In June 2018, I had the pleasure to sit down with Waste Management Review, one of Australia’s leading waste management publications. The team at WMR were writing an article on smart waste management and the changing of the guard in waste management collection. The article covers some of the great work Australian cities and councils are doing in the smart waste space and deep dives into how Georges River, Hume and Wyndham City Councils are gaining more than just efficiency with their smart waste deployments… Please enjoy Chapter 3 of our exclusive 6 part series.

If you missed Chapter 2 – CONNECTING CITIES, see the following link:

An Intelligent Waste Series Chapter 3 – SMART BIN POTENTIAL

Funded by the federal government, Smart Social Spaces: Smart Street Furniture Supporting Social Health aims to ensure cities and governments are able to get the best use out of high quality spaces by being smarter with their resources. UNSW is targeting infrastructure such as park benches, seats, tables, outdoor barbeques, lights, and most importantly for the waste industry – bins. Dr Nancy Marshall, Senior Lecturer in City Planning at UNSW says “with bins, there’s already a significant amount of technology available. Sensors inside bins are able to detect how full it is, letting garbage contractors know when they need to pick it up. It can also be fitted with a heat sensor to alert emergency services in case of a fire,” she says. “This means that if someone was to throw out a lit cigarette butt, the bin would be able to automatically inform the correct people about a possible fire.”

Nancy also says that by collecting data and taking an evidence-based approach, UNSW will be able to provide councils with information to support their decision making. “The sensors inside the bin aren’t obvious to the outside, as they are encased inside. I’ve been told that they use less power than a watch and can help to get users engaged with the technology. “Because they provide councils with information in real time, they’re able to route their waste collections more efficiently and stop issues like bins overflowing. With that long-term data, they can assess whether an area needs more or less bins, whether they need to be moved and the behaviours of waste generators.”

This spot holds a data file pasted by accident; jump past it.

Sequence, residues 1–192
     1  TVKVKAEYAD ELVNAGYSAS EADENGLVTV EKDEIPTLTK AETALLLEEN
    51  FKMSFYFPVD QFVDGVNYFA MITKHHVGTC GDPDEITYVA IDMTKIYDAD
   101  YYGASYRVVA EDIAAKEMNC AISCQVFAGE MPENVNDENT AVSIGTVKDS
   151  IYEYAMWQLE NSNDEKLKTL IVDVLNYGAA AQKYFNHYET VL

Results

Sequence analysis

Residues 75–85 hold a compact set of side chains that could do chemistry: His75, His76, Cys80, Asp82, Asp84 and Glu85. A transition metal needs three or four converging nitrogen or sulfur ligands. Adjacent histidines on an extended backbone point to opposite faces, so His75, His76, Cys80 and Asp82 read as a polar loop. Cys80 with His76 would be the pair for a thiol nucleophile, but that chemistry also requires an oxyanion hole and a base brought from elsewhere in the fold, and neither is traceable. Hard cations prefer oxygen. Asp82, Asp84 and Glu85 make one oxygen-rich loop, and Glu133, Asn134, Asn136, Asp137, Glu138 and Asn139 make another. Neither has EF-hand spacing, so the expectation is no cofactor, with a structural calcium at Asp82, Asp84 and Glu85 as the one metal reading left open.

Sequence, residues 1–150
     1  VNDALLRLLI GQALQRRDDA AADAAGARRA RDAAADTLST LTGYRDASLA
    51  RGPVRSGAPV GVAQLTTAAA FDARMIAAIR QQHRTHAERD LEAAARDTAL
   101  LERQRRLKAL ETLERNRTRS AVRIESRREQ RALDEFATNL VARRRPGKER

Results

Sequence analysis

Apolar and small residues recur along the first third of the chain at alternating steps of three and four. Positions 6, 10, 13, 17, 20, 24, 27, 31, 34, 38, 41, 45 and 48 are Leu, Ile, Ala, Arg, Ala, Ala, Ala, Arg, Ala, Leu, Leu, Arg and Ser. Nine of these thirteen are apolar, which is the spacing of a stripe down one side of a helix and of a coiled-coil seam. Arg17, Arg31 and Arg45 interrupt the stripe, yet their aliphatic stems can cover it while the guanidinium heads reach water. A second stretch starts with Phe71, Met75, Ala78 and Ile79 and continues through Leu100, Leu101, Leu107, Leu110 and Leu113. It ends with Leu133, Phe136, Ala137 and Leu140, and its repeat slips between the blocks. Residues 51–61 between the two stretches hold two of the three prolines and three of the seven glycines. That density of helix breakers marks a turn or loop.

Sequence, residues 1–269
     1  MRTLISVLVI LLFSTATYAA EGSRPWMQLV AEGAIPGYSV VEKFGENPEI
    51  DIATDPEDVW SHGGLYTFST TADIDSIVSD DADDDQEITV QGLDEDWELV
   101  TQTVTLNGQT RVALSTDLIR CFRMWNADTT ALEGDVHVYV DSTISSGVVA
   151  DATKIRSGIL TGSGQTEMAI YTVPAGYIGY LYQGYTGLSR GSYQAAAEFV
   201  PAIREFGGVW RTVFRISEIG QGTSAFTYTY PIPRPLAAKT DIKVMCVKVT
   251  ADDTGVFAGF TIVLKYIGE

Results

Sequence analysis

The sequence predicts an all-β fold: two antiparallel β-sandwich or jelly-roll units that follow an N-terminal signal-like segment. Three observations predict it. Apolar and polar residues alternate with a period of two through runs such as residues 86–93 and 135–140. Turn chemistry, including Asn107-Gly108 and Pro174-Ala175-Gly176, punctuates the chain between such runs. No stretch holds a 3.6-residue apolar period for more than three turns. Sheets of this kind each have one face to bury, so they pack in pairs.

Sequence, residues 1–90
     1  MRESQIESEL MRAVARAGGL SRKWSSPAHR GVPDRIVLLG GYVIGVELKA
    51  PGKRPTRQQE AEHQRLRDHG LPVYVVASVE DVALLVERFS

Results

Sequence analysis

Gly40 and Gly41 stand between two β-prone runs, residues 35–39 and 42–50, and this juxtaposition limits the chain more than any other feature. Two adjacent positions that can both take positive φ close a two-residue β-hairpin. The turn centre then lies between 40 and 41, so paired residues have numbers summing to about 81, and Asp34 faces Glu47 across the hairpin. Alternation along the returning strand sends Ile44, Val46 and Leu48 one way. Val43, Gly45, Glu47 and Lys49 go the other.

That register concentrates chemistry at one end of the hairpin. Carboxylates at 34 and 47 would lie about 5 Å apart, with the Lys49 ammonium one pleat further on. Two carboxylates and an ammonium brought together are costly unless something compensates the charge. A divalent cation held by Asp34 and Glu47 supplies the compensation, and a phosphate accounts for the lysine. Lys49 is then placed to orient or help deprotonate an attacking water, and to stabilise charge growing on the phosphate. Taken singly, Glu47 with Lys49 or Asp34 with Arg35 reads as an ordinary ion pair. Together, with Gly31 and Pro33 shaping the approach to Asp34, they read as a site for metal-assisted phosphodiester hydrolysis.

Bins are also able to be outfitted with solar panels to power other helpful, and potentially lifesaving, abilities.

“Smart bins have the capability of making public announcements. For example, they would be able to alert people nearby to evacuate a plaza and all kinds of public service announcements.”

Street Furniture Australia is coating the smart bins with a teflon paint that is largely graffiti-proof – to improve area aesthetics and reduce council clean-up costs.

Nancy says this technology can also be used in regional areas and is ideal for farmers.

“Drone technology is already being used in some areas, while sensors are able to check water tanks which could be kilometres away. It saves property owners time and money, and the speed of data available is incredible.”

Nancy and the team’s research into smart sensors aims to have flow-on health benefits and pleasing aesthetics for urban areas.

“There’s nothing more unappealing than a bin that’s overloaded with garbage. They’re messy, they can attract wildlife and are unhealthy. Solar compacting bins can help deal with these issues, which is critical in dense areas,” she says.

“Successful governments and businesses will need to be nimble and open to seeing the benefits of smart infrastructure.”

As always, if my team or I can assist with any of your waste management needs please do not hesitate to reach out on 1330 893 610 or 0408 060 827 or [email protected]

Coming soon: Chapter 4 – SMART BINS IN VICTORIA

Can’t wait? Download the entire article here